“The government has condemned my livelihood, and those of my employees, whose jobs meant a great deal to them – they also have families and children to feed.”
Another hard-hit business owner, Apiwe Nxusani-Mawela, SA's first black female brewery owner, of Brewsters Craft, said she had no idea how they will make it through this third ban.
“I am hoping we can re-open to make a few sales so that we can at least pay our employees something. But I have had to make them aware to not expect much at month-end - that is our reality.”
The situation faced by small business owners and craft brewers is dire. The last two alcohol bans had a devastating impact on the beer industry, with an estimated 7,400 jobs lost, R14.2bn in lost sales revenue and more than a R7.4bn loss in taxes and excise duties, according to Pienaar.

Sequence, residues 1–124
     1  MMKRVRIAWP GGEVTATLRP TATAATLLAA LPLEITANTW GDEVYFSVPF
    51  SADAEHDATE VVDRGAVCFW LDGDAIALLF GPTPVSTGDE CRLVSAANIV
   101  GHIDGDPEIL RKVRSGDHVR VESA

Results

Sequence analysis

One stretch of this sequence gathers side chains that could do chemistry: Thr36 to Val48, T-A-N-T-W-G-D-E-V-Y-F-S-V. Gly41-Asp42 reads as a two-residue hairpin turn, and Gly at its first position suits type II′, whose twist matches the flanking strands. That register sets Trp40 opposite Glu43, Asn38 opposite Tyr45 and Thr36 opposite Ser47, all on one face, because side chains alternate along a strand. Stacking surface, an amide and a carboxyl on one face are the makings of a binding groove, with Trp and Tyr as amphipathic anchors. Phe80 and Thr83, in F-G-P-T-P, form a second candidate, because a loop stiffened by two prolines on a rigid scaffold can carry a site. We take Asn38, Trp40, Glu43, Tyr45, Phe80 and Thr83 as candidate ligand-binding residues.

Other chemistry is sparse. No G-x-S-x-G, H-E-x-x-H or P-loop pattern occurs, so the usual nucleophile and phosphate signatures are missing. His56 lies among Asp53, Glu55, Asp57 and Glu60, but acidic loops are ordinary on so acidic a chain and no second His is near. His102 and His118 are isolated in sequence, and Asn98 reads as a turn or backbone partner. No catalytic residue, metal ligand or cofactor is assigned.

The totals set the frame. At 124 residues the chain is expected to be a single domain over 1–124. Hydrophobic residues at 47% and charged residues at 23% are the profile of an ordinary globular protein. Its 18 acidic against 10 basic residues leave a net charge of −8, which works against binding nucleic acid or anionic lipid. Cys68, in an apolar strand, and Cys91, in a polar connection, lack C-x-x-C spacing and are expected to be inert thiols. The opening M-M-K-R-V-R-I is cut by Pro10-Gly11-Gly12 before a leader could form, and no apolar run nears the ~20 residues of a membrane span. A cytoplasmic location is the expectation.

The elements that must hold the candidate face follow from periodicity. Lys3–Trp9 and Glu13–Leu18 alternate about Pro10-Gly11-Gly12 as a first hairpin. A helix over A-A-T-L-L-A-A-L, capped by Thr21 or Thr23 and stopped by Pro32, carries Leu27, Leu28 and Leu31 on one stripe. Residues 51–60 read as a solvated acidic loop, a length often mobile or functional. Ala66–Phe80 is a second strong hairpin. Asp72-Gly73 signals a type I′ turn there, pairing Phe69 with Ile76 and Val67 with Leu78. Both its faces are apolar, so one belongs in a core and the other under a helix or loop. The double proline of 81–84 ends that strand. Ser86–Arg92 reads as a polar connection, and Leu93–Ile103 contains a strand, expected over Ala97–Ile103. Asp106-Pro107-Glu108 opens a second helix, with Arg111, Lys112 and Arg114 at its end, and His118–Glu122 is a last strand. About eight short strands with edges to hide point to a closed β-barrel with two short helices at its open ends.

CBASA said it was appealing to Ramaphosa to consider the plight of craft brewers by not extending the blanket ban on alcohol beyond January 15.
The association has proposed that alcohol be sold through safe alternatives, such as the use of click-and-collect platforms to assist in ensuring the safety of consumers.
CBASA said the current curfew (9pm to 6am) should remain in effect, along with the 8pm closing time for businesses.
“This, together with a ban on gatherings, increased policing and enforcement, will ensure that we protect lives and livelihoods while we fight the spread of the virus.”